This is the common way you can buy ketchup here.

This is how it looks on the shelf at the store.  The price is in pesos not dollars!

This is how H.T.'s mom buys Mayonnaise in Utah.

We have many varieties of mayonnaise here in Argentina but it commonly comes in these bags.

This is how yogurt looks at H.T.'s house.

In Argentina, you can buy the cartons of yogurt but it is also very common to buy this thinner yogurt in the bag and use it on your cereal for breakfast.  One of the missionaries thought it was strange that I was going to have milk on my cereal because she just always uses this thin yogurt.  It is very good that way! 

Here is tomato sauce in Utah.

Tomato sauce in Argentina.

I like to cook Thai foods that use Coconut Milk.  This is what a can of it looks like in Utah.

It took some time to find coconut milk here but it is just the same...just a different package.

There are some things that are hard to get here.  The space on the top shelf is where there has been peanut butter in the past.  Hermana Ehmke and I have looked every time for several months to see if any has come in. We are excited to have peanut butter when we can.  It reminds us of home and it is fun to share with the people here who have not tasted it.

One thing that is sooo delicious here is Dulce de Leche.  It is like caramel and is used in many deserts.  It is even good all by itself!!!

Another thing I really like to use as I cook here is Casan Crem.  It is sort of like cream cheese but also a little like sour cream.  I use it in many recipes and I will miss it after I return back to Utah. we are back to where I started this post.  There are some things that are different here in Argentina than they are at H.T.'s home in Utah and there are many things that are the same.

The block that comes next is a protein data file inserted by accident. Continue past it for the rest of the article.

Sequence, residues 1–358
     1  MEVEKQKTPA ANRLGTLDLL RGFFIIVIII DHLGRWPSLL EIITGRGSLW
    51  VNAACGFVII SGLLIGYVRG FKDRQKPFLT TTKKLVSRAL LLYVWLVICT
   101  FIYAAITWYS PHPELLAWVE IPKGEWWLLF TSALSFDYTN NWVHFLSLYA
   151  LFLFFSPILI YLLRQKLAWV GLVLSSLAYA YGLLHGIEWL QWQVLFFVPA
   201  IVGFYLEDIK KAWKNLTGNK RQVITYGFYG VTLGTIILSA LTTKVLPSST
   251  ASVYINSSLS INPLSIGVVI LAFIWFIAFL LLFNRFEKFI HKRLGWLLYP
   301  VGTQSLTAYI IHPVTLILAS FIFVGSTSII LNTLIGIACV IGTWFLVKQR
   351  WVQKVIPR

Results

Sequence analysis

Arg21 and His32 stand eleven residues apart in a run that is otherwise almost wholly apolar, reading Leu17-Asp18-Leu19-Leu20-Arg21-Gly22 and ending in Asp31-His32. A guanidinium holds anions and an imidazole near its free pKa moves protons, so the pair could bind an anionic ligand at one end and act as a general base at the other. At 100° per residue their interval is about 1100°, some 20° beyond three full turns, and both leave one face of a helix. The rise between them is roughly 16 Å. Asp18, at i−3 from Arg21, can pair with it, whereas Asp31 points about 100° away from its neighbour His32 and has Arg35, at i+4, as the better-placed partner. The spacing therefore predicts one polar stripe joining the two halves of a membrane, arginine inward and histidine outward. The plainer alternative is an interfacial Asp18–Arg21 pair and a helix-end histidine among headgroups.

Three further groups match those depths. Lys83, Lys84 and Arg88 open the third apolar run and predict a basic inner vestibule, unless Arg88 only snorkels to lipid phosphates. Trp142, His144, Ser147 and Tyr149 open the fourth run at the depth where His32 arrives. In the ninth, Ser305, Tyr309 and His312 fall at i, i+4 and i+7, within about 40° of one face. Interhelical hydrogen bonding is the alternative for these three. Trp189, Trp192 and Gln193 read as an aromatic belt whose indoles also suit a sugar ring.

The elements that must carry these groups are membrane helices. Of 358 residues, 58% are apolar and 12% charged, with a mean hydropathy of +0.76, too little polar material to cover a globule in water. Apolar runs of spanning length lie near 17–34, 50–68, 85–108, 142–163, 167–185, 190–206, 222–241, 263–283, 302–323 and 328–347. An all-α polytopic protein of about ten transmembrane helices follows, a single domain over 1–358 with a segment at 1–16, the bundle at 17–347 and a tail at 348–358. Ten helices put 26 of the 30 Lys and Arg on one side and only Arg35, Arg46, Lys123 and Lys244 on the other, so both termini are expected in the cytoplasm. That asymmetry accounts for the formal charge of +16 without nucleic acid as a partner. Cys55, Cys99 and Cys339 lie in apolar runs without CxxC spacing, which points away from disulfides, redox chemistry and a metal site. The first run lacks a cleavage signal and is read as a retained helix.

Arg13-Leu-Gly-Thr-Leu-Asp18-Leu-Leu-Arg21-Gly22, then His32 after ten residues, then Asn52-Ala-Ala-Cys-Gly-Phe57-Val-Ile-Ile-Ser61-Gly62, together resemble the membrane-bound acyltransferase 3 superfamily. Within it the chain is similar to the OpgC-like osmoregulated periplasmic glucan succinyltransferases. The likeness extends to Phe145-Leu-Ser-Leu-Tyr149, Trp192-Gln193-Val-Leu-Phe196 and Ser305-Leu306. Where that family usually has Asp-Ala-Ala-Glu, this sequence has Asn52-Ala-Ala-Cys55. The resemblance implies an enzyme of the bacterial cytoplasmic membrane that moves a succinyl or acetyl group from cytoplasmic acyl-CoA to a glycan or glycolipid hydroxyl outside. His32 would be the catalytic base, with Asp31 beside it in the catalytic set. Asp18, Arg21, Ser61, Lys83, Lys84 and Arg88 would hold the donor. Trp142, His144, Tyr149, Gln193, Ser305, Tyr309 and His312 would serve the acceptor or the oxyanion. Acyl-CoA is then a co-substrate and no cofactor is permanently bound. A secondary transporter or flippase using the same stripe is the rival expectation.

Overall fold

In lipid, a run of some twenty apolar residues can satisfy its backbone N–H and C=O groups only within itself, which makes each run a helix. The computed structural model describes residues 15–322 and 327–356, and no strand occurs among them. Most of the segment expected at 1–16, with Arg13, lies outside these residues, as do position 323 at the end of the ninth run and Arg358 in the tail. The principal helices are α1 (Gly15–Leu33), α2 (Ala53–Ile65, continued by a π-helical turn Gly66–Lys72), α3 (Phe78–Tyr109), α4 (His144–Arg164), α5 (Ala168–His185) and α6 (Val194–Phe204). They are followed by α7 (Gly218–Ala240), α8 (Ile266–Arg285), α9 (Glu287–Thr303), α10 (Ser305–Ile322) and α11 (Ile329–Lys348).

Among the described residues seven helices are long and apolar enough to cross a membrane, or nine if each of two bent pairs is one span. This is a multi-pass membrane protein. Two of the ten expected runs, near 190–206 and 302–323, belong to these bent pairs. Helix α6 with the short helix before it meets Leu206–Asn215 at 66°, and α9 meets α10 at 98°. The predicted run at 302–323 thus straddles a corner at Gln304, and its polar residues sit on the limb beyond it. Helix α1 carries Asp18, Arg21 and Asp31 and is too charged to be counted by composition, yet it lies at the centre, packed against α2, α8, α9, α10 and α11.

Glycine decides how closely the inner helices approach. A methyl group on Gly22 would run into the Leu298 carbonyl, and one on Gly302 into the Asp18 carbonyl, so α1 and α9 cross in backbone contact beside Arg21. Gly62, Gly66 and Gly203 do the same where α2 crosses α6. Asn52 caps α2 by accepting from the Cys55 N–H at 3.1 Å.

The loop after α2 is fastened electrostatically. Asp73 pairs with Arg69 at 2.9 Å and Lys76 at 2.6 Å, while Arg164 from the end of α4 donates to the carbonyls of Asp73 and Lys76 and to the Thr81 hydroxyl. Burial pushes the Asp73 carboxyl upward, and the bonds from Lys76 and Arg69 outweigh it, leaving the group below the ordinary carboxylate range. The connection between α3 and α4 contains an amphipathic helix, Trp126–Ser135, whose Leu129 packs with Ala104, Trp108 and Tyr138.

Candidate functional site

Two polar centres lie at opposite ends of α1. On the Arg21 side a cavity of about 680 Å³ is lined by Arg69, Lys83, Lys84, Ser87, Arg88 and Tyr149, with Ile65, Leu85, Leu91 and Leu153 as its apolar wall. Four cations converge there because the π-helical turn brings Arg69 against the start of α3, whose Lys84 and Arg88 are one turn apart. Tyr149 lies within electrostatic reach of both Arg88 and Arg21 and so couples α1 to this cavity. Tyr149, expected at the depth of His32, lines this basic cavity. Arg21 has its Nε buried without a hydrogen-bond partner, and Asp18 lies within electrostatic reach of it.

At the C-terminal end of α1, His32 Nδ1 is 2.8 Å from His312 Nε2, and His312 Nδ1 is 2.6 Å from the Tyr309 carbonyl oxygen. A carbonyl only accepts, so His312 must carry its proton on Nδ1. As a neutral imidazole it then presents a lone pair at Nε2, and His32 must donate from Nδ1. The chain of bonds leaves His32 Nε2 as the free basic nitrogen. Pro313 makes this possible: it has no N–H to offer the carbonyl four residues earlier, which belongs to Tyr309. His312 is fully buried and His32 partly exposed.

One thing that is the same is that there are wonderful families in both place that love each other and are trying their best to live the gospel.

Here is H.T. with his parents, Rich and Jamie and his brother Kaden.  Thanks H.T. for helping me do this post.


  1. Thanks for posting this. It's not something my Elder includes in his letters (and rightfully so) but it's so fun to see the differences!

  2. Sister Lovell!

    Thanks for this post! Its good to see a few of the differences of Argentina and the states before I come down! I leave on Jan. 30 for the MTC and then I'll be coming to Zion (which most people call Neuquén).

    Thanks for this blog--it makes me even more excited to meet you and President Lovell and the wonderful saints of Argentina.

    I just have to say a fun fact...I saw somewhere in the church news or something that you have 9 kids, i'm the youngest of 9, and my dads birthday is a day after presidents and all he asked for for his birthday was...PEACHES! Too funny!

    Thanks for all your doing!

    Emily Lewis from Oregon

    1. We will work hard to prepare things for when you come! Do you have questions about what to bring? You can e-mail me at

  3. We LOVE your emails!!! It looks Great! Wishing you the Best!